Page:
24/08/2021 - Pembrokeshire Part Six (A bass at last, but not for me!)

Failed dismally to catch a bass on lures last time we were in Pembrokeshire at what is usually a reliable venue, so I was keen to try and make amends. However, rather than artificials again I decided that I would try bait fishing this time, so duly made a trip to J & W Tackle in Pembroke Dock for some worm. 

Plan was to fish the last couple of hours of the flood on the estuary at Lawrenny, which meant a 0530 hrs start. Our lad James was with us this time and, whilst he normally wouldn't surface from his pit much before mid-day, to my amazement he agreed to accompany me. The beach at Lawrenny is steeply shelving at the top, but then levels out with a far gentler slope out to the main river channel. Breaking the beach up are a series of shallow gullies that certainly looked to me as if they would act as both food traps and natural funnels for any fish coming up the estuary on the flood. On my last lure-fishing trip at low tide I'd lined each of the gullies up with landmarks on the near and far shore, so I could be sure of landing a bait in one of them if we arrived nearer high water.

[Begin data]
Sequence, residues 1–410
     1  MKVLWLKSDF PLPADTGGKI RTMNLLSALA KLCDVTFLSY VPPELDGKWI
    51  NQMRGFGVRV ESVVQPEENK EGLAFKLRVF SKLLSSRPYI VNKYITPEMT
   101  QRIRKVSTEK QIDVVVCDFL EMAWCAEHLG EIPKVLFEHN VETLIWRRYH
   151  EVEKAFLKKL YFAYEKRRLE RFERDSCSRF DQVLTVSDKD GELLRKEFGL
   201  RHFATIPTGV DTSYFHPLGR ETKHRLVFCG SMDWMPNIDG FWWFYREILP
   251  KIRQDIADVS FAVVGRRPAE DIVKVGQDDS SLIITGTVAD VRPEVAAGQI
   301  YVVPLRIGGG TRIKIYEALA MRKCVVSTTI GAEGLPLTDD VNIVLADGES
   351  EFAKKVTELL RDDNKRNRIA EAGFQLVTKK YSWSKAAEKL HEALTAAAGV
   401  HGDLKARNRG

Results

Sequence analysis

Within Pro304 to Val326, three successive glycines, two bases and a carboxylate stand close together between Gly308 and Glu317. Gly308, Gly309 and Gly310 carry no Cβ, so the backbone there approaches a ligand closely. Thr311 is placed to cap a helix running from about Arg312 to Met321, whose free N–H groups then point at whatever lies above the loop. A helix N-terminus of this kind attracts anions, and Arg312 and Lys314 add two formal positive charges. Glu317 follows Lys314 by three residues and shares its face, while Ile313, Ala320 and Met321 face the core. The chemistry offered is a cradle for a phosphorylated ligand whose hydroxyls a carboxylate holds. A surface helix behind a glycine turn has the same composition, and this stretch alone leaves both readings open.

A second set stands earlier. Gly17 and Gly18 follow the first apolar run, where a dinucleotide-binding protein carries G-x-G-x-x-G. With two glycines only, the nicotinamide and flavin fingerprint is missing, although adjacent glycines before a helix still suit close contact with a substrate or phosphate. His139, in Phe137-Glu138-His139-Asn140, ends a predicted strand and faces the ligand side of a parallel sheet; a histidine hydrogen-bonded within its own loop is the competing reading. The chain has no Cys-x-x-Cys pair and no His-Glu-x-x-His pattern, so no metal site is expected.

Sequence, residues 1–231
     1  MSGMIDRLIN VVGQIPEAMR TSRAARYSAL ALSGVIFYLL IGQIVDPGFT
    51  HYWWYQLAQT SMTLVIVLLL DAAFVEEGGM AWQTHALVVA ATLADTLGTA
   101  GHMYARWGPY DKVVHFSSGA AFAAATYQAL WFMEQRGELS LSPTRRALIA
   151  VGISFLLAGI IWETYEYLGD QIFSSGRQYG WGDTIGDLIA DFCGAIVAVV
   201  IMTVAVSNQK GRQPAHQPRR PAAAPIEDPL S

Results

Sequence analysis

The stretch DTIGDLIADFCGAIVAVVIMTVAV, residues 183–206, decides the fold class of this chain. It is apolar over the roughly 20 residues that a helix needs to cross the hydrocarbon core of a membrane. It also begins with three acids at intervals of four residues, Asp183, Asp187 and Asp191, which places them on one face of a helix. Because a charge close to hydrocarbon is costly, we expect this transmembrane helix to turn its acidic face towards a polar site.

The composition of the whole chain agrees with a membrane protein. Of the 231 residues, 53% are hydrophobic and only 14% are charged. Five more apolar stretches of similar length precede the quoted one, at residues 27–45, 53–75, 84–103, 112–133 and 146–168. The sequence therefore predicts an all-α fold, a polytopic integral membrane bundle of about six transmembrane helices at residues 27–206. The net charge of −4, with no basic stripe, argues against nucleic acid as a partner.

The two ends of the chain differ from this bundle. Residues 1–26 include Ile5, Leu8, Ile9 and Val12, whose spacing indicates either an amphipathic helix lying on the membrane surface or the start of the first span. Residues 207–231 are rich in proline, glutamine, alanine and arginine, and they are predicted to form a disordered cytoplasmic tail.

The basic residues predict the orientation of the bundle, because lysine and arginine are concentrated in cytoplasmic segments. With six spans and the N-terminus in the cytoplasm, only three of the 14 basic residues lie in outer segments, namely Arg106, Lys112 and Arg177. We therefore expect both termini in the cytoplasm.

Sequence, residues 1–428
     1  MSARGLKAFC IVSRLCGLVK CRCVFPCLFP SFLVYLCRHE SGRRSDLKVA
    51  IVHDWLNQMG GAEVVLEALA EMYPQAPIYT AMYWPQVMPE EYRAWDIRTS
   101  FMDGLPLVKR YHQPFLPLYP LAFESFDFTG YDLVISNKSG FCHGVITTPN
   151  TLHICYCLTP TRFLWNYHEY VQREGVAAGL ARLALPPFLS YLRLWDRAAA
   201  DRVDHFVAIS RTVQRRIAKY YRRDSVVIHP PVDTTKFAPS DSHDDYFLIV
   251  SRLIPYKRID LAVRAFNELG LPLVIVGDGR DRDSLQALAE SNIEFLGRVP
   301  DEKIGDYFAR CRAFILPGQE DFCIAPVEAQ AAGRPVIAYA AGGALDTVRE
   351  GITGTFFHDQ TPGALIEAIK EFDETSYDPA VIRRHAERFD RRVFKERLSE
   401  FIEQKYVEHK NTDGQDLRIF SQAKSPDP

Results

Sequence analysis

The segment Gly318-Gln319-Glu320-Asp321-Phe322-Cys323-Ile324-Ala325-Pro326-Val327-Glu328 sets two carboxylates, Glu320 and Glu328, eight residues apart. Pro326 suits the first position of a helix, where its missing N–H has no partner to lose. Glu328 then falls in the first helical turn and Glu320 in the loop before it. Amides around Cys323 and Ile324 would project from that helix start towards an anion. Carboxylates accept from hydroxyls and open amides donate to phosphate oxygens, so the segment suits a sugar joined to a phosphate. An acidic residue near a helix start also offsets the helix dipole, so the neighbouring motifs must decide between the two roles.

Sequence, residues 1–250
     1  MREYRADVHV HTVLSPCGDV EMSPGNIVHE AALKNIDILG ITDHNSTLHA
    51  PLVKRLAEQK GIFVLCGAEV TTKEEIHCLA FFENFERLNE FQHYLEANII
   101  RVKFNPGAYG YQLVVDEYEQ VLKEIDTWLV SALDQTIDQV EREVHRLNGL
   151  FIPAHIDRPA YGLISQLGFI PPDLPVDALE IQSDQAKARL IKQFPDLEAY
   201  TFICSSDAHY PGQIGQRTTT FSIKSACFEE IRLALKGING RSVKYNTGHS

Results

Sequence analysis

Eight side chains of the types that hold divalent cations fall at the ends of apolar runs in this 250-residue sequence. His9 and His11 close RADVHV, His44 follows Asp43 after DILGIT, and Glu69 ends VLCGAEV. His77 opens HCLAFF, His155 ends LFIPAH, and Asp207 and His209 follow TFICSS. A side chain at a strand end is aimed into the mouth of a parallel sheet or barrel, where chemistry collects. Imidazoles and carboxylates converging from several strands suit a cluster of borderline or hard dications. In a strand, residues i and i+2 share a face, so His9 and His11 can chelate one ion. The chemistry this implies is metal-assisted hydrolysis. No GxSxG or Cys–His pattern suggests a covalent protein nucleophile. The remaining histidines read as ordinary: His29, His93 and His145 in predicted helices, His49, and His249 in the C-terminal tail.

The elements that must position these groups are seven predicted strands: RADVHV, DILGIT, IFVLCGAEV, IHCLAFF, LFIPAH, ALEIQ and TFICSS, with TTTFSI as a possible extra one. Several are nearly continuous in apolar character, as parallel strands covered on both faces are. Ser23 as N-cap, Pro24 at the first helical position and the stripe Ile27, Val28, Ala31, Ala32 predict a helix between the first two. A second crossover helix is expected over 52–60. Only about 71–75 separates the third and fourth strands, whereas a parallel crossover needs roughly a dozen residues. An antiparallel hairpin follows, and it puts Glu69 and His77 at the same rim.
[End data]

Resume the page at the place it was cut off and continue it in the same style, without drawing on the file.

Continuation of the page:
The small neap tides of the last trip had also been replaced by some big spring tides that I hoped would push the fish further up the estuary. However, it also meant that the water level was already well up the beach by the time we arrived and the gullies were submerged, so I got to put my plan into action. Set up a one up, one down rig with each hook baited with a couple of the bigger worms and cast it out as far as the crease formed by the incoming tide. 

Felt the lead hit the bottom with a satisfying clonk that meant that it was lying in the gully and not in the weed and then settled down to wait. Passed the time chatting with the lad, spotting mullet and watching a couple of cormorants work the shoreline further down the beach.